Saturday, May 25

Increase and relocation of Chinese primary schools


THE Education Ministry has announced the setting up of a total of 10 Chinese primary schools and the relocation of six others across the country.

The establishment of these schools will follow the ‘new model’ whereby the permit needed will not be a cumbersome problem.

Moreover, the school grounds have already been prepared, and this time around, the Chinese community will not foot the bill as the Malaysian Chinese Association (MCA) will request for funding from the Education Ministry.

Unlike the past when setting up or relocating new Chinese schools was a tedious process, the Education Ministry has now given the greenlight vis-a-vis the 16 Chinese primary schools in one go.

This is good news for the Chinese community but when word of the approval got around, doubts and suspicions began to surface.

The Chinese community has long called for more Chinese primary schools to be built and I believe MCA has all along been striving to achieve this objective and the present go-ahead from the Education Ministry is not secured overnight.

However, with the general elections only nine months away, even when MCA leaders claim the approval has nothing to do with the polls, it is still hard not to make a correlation between them.

A few years ago, SJK (C) PEI CHIH received a funding of RM3 million to relocate from Bukit Paloh to the north-eastern part of Johor Bahru. The relocation took eight months to a year to complete.

If we take this as an example in terms of costs,  the setting up and re-siting of the 16 schools in question will amount to RM48 million.

In 2017, Chinese primary schools received only RM50 million in funding which was released in Nov this year. For 2018, the funding remains unchanged.

The locations chosen for the establishment of new Chinese schools has caused some concern among the Chinese community.

For instance, in Johor, the planned establishments of SJK (C) Sim Mow Yu at KongKong, Masai, and SJK (C) Kuek Ho Yao at Mount Austin seem to be lacking in the consideration of local needs.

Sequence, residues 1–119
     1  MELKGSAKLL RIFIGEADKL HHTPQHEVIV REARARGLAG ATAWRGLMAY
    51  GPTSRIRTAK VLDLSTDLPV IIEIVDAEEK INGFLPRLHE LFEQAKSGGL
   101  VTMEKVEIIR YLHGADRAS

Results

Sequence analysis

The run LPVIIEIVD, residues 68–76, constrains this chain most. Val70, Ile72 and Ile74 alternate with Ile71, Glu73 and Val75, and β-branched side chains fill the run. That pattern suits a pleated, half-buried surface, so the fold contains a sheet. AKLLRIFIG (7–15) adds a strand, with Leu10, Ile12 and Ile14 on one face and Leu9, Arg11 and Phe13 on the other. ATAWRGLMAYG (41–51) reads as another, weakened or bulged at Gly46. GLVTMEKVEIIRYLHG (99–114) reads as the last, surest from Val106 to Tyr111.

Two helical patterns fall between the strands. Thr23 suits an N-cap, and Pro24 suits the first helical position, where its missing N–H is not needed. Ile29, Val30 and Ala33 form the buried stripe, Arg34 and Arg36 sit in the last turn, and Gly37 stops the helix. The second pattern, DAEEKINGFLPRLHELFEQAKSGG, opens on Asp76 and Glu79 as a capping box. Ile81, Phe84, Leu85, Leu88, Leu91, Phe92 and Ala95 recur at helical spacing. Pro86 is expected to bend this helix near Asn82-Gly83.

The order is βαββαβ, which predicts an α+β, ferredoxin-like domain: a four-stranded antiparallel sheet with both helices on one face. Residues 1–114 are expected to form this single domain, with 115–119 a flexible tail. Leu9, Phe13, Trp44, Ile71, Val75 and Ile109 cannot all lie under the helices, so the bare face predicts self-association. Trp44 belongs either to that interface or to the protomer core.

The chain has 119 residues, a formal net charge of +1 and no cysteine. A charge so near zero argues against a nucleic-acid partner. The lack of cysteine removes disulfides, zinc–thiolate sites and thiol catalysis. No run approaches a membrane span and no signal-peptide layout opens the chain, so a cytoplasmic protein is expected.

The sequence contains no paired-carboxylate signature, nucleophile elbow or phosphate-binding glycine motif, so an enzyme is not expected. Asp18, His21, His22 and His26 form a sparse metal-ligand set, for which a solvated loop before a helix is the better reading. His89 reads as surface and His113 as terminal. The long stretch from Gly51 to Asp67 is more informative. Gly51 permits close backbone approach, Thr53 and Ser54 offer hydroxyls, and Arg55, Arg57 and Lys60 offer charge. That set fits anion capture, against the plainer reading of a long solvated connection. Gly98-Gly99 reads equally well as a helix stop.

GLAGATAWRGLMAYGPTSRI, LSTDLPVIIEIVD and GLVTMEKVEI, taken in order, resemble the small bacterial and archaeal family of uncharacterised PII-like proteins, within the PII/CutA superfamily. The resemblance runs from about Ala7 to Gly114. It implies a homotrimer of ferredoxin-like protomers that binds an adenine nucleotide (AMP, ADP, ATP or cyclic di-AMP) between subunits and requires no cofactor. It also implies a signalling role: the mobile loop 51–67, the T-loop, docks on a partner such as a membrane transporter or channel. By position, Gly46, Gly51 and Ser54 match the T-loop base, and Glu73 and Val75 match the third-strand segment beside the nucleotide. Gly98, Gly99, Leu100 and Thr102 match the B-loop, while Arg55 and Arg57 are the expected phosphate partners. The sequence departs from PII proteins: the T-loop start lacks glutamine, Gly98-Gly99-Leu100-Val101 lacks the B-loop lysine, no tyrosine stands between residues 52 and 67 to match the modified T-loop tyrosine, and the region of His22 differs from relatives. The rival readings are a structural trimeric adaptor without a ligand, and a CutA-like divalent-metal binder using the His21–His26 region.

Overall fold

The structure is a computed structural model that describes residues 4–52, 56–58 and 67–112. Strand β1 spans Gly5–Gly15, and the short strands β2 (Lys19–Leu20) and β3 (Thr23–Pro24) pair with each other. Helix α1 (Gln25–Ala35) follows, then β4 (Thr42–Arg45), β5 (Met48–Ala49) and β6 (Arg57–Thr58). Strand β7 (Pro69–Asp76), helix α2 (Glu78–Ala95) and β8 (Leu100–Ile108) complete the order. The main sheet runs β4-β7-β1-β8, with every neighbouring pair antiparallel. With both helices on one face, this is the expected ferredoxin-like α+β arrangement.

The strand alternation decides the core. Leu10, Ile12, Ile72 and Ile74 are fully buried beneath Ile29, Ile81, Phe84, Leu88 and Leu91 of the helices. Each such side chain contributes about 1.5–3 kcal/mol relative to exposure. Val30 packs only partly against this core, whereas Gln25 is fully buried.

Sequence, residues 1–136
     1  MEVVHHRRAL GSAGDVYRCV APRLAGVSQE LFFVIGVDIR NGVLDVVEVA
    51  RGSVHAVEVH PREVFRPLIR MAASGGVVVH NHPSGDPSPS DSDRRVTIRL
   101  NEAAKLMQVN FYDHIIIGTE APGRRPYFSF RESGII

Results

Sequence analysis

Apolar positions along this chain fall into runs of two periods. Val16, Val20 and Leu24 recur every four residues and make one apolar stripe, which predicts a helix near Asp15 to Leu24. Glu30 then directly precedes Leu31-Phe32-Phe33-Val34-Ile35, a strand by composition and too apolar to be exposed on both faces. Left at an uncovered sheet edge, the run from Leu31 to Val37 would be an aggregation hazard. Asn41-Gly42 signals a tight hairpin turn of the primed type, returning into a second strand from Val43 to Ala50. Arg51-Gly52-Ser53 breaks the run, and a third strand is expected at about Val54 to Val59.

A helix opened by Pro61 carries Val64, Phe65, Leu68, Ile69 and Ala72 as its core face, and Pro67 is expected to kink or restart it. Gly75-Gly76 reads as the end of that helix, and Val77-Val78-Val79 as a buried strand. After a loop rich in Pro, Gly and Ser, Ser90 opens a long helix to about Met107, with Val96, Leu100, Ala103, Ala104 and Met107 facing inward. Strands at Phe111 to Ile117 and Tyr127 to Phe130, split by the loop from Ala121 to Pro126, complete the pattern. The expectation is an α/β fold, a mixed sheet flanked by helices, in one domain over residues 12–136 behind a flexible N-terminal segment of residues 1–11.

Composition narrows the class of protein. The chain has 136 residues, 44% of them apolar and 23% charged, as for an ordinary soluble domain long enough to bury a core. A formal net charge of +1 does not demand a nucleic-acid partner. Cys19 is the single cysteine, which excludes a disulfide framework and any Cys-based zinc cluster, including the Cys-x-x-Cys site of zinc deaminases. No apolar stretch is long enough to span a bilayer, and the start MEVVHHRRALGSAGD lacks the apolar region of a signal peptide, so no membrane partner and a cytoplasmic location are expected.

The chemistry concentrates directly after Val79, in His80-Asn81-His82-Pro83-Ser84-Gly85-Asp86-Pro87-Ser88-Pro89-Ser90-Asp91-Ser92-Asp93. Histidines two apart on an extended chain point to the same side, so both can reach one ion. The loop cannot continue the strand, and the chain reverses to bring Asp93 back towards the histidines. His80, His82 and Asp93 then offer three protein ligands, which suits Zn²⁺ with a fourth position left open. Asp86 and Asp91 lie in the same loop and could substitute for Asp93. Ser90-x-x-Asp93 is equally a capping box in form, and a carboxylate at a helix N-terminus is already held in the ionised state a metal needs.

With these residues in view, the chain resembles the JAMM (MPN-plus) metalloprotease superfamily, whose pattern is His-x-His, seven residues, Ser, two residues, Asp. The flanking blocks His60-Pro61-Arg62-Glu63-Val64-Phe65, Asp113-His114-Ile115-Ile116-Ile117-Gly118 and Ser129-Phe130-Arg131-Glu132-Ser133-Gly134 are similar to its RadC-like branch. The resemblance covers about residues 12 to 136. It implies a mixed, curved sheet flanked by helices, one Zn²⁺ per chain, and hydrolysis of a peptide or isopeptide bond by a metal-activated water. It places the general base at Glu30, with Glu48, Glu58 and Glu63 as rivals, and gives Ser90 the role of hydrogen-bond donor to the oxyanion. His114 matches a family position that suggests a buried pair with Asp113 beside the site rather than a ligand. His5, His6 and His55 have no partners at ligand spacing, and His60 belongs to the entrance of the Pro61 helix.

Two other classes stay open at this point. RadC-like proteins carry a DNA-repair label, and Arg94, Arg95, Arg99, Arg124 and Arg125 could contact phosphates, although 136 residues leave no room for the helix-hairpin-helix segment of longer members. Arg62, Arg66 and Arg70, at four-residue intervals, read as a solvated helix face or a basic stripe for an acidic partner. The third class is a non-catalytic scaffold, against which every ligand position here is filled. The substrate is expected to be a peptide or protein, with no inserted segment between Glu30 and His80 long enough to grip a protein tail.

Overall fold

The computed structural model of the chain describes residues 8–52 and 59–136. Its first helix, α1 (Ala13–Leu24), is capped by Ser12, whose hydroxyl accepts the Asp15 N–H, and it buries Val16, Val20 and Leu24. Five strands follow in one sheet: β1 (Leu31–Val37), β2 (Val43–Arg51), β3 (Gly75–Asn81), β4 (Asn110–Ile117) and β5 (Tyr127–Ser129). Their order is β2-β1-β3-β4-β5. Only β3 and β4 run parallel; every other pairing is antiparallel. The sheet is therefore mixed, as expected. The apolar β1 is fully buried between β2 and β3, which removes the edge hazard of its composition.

Kong Kong, Masai, is an emerging development zone. Its remote geography aside, the area has a small Chinese population and whether it needs a Chinese primary school is open question.

SJK (C) KuekHo Yao, on the other hand, should be located nearer the densely populated residential areas of Adda Heights, Setia Indah and SetiaTropika but has instead been inexplicably sited at Mount Austin.

Of the six Chinese primary schools approved for relocation, four will be sited in Tebrau and the other two in Gelang Patah and Pengkalan Rinting. Both these constituencies are expected to see close competition during the general elections.

At the end of the day, education, apparently, cannot be separated from the politics – on either side of the political spectrum, it must be said.

The increase of Chinese primary schools in MCA-contested constituencies equips the candidates from the party with a powerful tool but it also puts them under great pressure.

If the candidates fail to win, it will be difficult for them to explain and justify their loss in front of their coalition partners.

Another pertinent question is whether or not the plan to set up new Chinese schools will be continued – or discontinued – after the exit of these candidates.

From all this, we can see it is more reasonable to increase the number of Chinese primary schools based on the needs of the population.

This will not only free MCA from political pressure but also put the development of the Chinese education above politics.

In fact, this is the best way to go for both sides.